A 96-year-old woman who had her home support service cut has won a partial reprieve after an outpouring of public outrage at the decision.

Earlier this month, Levin woman Trixie Cottingham received a letter from Mid Central DHB saying her home management would be cut.

On November 11, she requested a review of the decision.

As a result, Supportlink assessor Pauline Holland visited Cottingham in her home to gain a better understanding of her needs.


After weeks of uncertainty, Cottingham received a call this week to say Holland would come down in person to deliver the verdict.

"My heart was beating so fast after she called," Cottingham said.

"I was really worried they wouldn't change their decision to cut my home help.

"My husband spent five years at war overseas, for his service, I feel I do deserve the help," she said.

But Holland brought Mrs Cottingham the good news that she would still receive 60 minutes of help per week, although that was a reduction from her original 90 minutes.

Cottingham said she was grateful for the change of decision but she didn't think one hour per week won't be adequate to clean her whole house.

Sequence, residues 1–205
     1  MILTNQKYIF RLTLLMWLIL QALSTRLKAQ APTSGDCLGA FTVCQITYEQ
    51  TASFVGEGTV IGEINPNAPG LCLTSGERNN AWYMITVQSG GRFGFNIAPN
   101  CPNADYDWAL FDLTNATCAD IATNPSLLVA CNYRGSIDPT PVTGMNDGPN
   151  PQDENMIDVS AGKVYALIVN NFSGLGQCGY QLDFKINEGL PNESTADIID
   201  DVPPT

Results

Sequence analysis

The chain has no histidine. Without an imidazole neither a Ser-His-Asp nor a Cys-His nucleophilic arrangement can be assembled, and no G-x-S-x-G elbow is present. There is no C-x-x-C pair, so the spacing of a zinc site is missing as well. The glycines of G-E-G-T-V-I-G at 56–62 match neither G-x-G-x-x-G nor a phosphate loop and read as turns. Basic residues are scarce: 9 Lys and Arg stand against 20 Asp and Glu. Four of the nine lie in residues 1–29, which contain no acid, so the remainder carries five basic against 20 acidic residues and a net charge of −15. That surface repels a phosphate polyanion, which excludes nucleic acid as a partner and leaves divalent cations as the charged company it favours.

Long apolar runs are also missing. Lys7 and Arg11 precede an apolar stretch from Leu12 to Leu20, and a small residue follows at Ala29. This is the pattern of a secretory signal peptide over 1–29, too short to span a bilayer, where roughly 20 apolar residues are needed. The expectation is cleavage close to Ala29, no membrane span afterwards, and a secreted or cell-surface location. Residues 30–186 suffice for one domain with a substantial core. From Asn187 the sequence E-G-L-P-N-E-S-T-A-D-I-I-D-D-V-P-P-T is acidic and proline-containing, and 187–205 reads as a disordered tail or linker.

"It was such a relief when I found out.

"It could have been cancelled altogether and that really worried me, I'm not sure what I would have done without the help.

"I feel sorry for my house cleaner because one hour isn't enough time to clean my whole house, but I will simply have to manage, luckily I have a supportive family," Cottingham said.

After news broke of Cottingham's predicament, there was widespread condemnation - and offers of help.

Carer Renee Wills offered to clean Cottingham's house for free, though she said the DHB should be celebrating her capabilities rather than forcing her to give up her autonomy.

Horowhenua mayor Michael Feyen also said it made financial, health and social sense for the DHB to support Cottingham to stay independent at home.